Bazzar Bubble Bar
The twelve-seat counter is the place to be for tapas-cum-champagne in Rio. Actually, there’s an array of options by the glass, including a sample of Brazilian best sparkling wines, like Cave Geisse’s Terroir Nature and Miolo’s Millesime Brut. A selection of artisanal beers and interesting jerez are also available. The bar is part of the Bazzar group, an established brand in Rio, with a number of restaurants and a line of gourmet sauces and creamy deserts. The new Bubble Bar has it’s own menu of creative tapas (although it’s also possible to order from the main Bazzar menu) with options like Brazilian trio of cheeses and wagyu tartar on a single French fried potato slice. The ambiance is modern and trendy, and the location is dead-center in Ipanema. Open nonstop everyday, from lunch to dinner (early closure on Sunday).
This outstanding seafood spot is located in the fishing village of Guaratiba, just outside of Rio. Expect ultra-fresh fish and seafood prepared in a number of traditional ways—mostly baked or stewed with fresh herbs and seasonings—to be enjoyed in a rustic and authentic environment.
Brasil a gosto
This charming restaurant serves authentic, flavorful Brazilian cuisine from a changing seasonal menu. The dining rooms are comfortable and colorful and filter in plenty of natural light in the indoor garden.
Bráz is the perfect pizza place: a cantina-like ambiance, fun and trendy, with tasty and perfectly made pizzas. Ingredients are first class, many of them Italian. No wonder it always receives accolades from local magazines. Pizzas are neapolitan-style. Best sellers include the caprese, with tomato, italian mozzarella and giant basil leaves, and the provençale, with eggplant, zucchini, and a touch of garlic. Come prepared for the long lines, specially on weekends. Closed Monday, dinner only.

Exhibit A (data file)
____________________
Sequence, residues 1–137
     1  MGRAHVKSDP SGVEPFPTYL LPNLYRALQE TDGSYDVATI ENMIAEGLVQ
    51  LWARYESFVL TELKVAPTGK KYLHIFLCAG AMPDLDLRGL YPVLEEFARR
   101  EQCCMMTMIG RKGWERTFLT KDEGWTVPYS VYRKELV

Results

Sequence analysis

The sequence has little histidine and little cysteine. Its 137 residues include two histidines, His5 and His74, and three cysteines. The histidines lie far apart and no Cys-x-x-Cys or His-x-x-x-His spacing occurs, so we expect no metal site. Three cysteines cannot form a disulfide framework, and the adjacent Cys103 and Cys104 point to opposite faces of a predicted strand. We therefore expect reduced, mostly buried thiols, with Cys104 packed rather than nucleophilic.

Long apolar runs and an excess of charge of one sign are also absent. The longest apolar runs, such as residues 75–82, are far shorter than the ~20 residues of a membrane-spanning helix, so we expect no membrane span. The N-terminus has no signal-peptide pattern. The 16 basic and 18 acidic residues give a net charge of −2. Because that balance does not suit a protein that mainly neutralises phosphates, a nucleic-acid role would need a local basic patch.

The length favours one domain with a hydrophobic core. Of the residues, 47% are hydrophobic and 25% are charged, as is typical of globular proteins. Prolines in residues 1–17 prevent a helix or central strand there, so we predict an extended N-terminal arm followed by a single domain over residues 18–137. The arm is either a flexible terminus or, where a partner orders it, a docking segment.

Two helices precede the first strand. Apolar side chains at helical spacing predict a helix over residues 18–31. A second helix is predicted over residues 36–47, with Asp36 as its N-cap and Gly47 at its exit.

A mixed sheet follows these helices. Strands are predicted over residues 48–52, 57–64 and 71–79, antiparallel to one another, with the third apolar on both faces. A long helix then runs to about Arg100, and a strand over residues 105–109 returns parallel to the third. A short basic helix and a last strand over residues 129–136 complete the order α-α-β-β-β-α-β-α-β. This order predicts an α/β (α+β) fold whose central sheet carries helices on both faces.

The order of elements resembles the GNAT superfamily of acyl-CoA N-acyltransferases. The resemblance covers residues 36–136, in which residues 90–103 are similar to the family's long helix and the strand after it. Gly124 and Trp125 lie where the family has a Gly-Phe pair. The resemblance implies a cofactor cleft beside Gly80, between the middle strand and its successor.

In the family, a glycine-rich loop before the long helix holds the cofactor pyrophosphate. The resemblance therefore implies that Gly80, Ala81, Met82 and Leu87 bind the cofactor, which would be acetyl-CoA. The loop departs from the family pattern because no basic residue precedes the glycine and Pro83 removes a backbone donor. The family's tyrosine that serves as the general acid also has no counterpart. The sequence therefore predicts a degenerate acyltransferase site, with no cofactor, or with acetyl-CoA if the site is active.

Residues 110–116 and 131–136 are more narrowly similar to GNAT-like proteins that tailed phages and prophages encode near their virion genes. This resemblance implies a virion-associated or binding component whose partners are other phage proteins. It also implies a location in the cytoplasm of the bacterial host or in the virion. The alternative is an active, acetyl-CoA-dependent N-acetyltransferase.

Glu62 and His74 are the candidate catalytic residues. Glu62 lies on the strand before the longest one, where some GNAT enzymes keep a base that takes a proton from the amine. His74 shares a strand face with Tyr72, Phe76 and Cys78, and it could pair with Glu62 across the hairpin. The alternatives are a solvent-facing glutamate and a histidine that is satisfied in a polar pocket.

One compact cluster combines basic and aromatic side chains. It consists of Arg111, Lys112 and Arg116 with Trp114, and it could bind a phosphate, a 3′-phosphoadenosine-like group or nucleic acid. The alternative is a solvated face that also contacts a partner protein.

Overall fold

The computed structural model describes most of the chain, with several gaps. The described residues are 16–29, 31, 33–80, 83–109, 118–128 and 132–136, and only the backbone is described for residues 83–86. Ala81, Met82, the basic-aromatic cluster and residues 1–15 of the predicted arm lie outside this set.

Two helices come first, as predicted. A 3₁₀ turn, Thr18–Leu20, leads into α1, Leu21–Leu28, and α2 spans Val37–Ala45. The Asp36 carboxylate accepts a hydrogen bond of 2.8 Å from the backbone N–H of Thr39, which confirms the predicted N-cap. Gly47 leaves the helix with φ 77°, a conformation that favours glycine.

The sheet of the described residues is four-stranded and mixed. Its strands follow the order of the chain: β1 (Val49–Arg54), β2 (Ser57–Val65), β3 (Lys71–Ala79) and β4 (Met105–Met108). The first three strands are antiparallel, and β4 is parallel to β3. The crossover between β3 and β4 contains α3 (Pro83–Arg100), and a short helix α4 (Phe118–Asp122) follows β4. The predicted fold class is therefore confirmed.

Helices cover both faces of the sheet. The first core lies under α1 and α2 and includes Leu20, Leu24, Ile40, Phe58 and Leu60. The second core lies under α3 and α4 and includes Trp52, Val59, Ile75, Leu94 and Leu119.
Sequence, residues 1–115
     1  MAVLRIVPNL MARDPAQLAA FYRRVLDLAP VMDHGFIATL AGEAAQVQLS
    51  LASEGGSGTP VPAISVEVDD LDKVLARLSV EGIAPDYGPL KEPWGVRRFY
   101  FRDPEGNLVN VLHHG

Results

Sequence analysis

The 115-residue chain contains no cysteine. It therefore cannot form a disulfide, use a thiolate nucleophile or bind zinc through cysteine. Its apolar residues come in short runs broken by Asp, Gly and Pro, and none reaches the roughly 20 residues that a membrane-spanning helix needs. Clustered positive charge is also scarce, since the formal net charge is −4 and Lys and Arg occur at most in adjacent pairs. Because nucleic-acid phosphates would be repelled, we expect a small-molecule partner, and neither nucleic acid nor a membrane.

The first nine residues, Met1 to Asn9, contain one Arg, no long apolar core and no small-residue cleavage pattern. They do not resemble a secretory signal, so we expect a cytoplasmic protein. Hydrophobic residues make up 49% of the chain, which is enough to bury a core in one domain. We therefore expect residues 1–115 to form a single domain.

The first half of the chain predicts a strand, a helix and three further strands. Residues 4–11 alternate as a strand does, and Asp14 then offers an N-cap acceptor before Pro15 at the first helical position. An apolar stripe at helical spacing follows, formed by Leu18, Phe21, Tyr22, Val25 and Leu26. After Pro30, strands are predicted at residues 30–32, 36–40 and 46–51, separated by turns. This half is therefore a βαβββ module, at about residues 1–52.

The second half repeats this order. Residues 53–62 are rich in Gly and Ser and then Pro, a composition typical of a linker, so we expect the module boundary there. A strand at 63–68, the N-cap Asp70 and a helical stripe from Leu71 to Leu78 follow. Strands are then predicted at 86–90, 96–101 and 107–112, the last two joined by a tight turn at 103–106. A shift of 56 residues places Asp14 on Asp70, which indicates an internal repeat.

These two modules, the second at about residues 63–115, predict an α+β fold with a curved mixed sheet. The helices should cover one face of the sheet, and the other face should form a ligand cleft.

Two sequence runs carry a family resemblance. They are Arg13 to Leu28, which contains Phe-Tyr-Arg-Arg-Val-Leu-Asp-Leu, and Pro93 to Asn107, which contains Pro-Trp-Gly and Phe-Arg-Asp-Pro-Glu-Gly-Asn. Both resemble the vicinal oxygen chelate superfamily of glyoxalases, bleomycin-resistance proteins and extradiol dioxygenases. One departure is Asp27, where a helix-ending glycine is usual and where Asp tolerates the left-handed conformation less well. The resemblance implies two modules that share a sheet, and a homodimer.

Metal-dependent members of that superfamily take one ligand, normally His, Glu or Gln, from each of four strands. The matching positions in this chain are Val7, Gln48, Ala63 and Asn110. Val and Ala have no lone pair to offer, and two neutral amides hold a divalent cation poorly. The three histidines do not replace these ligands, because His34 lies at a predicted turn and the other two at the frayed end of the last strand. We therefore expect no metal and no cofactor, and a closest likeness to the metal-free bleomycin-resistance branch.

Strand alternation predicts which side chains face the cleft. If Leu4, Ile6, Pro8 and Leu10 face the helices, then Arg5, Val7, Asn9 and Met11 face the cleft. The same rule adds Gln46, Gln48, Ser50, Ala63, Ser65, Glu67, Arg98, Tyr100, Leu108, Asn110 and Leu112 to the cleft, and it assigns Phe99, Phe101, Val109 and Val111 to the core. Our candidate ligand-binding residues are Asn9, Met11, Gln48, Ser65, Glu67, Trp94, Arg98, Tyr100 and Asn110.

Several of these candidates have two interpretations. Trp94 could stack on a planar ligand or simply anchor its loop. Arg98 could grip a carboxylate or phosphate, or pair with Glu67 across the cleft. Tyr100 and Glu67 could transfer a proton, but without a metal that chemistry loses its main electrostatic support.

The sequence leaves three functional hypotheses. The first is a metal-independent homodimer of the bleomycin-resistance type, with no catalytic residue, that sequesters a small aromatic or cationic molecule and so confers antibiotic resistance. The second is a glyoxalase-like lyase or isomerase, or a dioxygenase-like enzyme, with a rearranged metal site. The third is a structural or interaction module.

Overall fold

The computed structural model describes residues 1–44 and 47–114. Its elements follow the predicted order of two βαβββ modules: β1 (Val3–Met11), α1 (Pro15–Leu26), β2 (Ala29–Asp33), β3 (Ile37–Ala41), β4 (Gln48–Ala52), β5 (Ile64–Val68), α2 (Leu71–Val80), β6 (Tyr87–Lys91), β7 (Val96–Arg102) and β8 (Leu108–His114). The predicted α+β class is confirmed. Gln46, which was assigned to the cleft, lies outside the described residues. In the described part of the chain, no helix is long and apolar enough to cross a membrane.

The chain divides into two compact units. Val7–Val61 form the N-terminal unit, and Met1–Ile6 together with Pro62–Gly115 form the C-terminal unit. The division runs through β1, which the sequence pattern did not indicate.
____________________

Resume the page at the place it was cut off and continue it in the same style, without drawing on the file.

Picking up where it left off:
Café do Alto
Anyone visiting Rio should jump on a cab and drive up to Santa Teresa, the bohemian neighborhood par excellence, with dramatic views and lots of character. A nice option for some local flavors is Café do Alto, specialized in food from the Northeast of Brazil (Bahia and further North). Breakfast, served buffet-style on weekends and holidays, is a great way to try specialties like tapioca pancakes with fillings like curdled cheese and honey or shredded sun-dried meat, and delicious cake Souza Leao, with manioc flour, coconut milk and eggs. The place is laid back and no frills, but charming like its neighbors. Closed Monday.
This is Rio: a restaurant which carries only organic food, served buffet-style (called “por quilo” because the plates are weighed and charged by the kilo), on the expensive side, and adored by all cariocas. It’s always an amazing and fun variety, salads being their specialty—currently they offer about 40 different ones. Desserts are to die for.
This trendy neighborhood spot is a must-stop for coffee aficionados. The owner, Isabel Raposeiras, roasts her own beans on premises.